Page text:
In reality, “Ad Astra” deals with topics for which space would only have been needed as a venue to a limited extent. But that’s actually always the case with the really big stories about existence and being. After all, “The Martian” was just a kind of extreme “Robinson Crusoe,” just as Matthew McConaughey in “Interstellar” didn’t have to travel directly to the farthest corners of the solar system to capture the narrative core about man’s destructive power . James Gray, who also wrote the screenplay for “Ad Astra” together with feature film debutant Ethan Gross (“Fringe”) , tells here about the final break in a dysfunctional father-son relationship and how one of both has never gotten over it, but the other appears to be indifferent to it. In order to finally make peace with the situation, Pitt’s Major Roy McBride must first travel thousands of kilometers to calm the emotional waves on an alien planet that his father left for him on Earth. As I said, “The Martian,” which we highly praised, was actually just a repeated rehash of a story that had been presented countless times, which is why “Ad Astra” can only be criticized to a limited extent for having the same principle of a well-known premise in a (somewhat) new setting. But in contrast to Ridley Scott, who knew how to implement the lack of innovation with a lot of charm, humor and accordingly entertaining, James Gray relies on the greatest possible emotional reduction – and also garnishes the story about his taciturn and aloof hero with a voice-over, which begins meaningfully but, due to increasing redundancy, hardly allows the major themes touched on here about technical progress and human existence to come into their own. As a result, everything here seems very pretentious after a while.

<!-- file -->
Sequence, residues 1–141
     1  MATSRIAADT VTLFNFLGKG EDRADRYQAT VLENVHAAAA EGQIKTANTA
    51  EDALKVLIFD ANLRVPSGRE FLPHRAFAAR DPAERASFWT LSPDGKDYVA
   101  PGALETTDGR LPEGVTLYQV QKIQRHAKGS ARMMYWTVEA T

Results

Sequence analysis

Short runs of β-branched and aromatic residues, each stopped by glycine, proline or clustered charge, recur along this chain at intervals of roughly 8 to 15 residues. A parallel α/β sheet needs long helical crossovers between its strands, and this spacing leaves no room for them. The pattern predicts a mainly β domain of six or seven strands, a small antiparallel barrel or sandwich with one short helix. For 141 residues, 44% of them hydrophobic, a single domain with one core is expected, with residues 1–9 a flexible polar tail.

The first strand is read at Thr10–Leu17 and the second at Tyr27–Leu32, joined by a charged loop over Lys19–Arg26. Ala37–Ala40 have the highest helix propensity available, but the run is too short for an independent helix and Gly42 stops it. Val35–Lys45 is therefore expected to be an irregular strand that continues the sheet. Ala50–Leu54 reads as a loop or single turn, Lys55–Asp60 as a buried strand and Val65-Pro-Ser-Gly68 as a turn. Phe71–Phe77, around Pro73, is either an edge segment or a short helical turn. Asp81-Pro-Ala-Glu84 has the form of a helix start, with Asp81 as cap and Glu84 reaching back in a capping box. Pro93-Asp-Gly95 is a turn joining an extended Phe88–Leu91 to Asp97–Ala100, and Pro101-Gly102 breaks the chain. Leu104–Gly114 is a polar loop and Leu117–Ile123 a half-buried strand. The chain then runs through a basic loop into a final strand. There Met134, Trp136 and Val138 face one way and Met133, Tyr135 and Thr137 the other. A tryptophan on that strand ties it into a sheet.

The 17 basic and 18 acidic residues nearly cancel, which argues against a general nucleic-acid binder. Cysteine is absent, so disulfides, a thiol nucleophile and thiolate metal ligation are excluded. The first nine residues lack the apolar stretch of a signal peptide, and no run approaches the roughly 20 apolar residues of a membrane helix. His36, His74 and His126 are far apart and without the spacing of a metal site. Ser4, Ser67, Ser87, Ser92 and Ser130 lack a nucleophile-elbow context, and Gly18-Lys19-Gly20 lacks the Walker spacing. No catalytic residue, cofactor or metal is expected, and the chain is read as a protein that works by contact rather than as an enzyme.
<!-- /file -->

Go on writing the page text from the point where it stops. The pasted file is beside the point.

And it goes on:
When we really see Roy McBride for the first time, the voice-over, recorded by Brad Pitt (“Once Upon a Time in Hollywood”) himself, is heard off-camera, which is intended to bring us closer to the astronaut’s thoughts. We learn that the astronaut actually only plays a role the whole time and only partially appreciates contact with people. Roy McBride is in the truest sense of the word a ” Don’t Touch Me!” , which Pitt pushes to the limit of comprehensibility in the following two hours of film. The audience quickly realizes that this protagonist is not a new Mark Watney. Even Matthew McConaughey’s Cooper showed a lot more emotion in “Interstellar” and at the end of “Ad Astra” you think you know more about George Clooney’s role in “Gravity” than about that loner McBride, even though we spent a lot more time with him than with Matt Kowalski, who quickly disappeared from “Gravity”. Now Pitt’s extreme aloofness also has a system: Roy McBride has to be an absolutely detached dog for professional reasons. His pulse never rises above 85 beats per minute; This also applies to extreme situations. Due to the self-inflicted loss of his father, Roy has gradually distanced himself from all important people (including his wife) in order to avoid further disappointment in case of doubt. The emotionally cool drawing of the protagonist in “Ad Astra” is therefore entirely understandable, even though it makes it almost impossible for the audience to sympathize with the character.